Tapa (kapa in some regions) is the bark cloth commonly found in the Pacific islands. Polynesians decorated the tapa with geometric and repeated patterns. While cotton and other textiles have replaced tapa for apparel, Polynesians do still wear tapa for special occasions, such as weddings. They do continue to use tapa cloth as floor coverings, blankets, and room dividers.
While the tapa isn’t in everyday use anymore, the patterns endure. And the colours have expanded beyond the traditional blacks and browns.
See for example this tea towel I picked up at the gift shop of Iolani Palace. Neither tapa cloth, nor black and brown, nor apparel, but more definitely inspired by the ancient traditions.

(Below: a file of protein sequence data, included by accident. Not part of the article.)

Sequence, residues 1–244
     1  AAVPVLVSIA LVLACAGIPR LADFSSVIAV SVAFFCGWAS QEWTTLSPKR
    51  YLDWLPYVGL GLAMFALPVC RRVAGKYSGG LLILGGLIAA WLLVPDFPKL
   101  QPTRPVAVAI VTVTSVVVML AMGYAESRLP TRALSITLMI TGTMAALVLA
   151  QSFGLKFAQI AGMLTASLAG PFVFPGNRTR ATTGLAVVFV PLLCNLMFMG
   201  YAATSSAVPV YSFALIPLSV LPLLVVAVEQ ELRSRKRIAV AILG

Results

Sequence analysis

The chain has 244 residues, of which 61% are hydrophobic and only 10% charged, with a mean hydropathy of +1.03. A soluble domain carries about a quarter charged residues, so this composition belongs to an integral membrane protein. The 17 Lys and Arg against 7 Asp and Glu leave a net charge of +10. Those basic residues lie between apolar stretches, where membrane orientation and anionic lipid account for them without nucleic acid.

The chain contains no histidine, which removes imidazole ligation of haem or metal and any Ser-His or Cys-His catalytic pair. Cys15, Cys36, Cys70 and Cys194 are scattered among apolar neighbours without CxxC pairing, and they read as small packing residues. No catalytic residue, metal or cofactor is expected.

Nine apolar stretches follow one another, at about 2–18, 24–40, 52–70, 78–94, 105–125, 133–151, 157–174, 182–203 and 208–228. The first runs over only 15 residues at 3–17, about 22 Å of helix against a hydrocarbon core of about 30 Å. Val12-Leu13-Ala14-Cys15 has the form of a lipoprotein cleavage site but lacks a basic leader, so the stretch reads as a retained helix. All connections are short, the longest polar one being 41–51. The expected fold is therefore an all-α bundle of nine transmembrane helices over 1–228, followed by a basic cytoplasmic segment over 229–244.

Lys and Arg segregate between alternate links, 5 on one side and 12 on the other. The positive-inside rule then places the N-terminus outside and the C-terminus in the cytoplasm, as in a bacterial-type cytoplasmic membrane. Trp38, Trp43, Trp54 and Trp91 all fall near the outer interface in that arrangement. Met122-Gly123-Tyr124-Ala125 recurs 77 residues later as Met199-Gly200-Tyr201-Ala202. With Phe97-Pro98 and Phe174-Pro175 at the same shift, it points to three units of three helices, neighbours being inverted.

On my tea towel you can see the two repeated patterns. In red is the pineapple pattern and in green the ulu, or breadfruit.
As much as I love to see pure tradition carry on, I also love to see how people and cultures evolve, keeping what is important and modifying it for current needs. It gives me hope that we don’t have to sacrifice what makes us special on the altar of modernity.
This post is part of our month-long exploration into Polynesian Christmas traditions and inspirations. See the whole collection of activities and discoveries here.